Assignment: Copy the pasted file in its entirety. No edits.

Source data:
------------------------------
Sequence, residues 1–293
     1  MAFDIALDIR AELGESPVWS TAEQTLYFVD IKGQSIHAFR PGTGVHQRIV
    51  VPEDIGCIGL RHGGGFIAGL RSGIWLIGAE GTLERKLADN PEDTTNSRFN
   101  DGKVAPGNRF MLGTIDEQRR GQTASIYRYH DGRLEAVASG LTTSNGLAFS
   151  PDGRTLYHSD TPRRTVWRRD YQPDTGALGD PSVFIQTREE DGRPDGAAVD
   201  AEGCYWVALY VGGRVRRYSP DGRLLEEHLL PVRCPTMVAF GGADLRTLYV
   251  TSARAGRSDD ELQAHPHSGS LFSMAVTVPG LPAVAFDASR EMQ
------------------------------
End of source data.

Sequence, residues 1–293
     1  MAFDIALDIR AELGESPVWS TAEQTLYFVD IKGQSIHAFR PGTGVHQRIV
    51  VPEDIGCIGL RHGGGFIAGL RSGIWLIGAE GTLERKLADN PEDTTNSRFN
   101  DGKVAPGNRF MLGTIDEQRR GQTASIYRYH DGRLEAVASG LTTSNGLAFS
   151  PDGRTLYHSD TPRRTVWRRD YQPDTGALGD PSVFIQTREE DGRPDGAAVD
   201  AEGCYWVALY VGGRVRRYSP DGRLLEEHLL PVRCPTMVAF GGADLRTLYV
   251  TSARAGRSDD ELQAHPHSGS LFSMAVTVPG LPAVAFDASR EMQ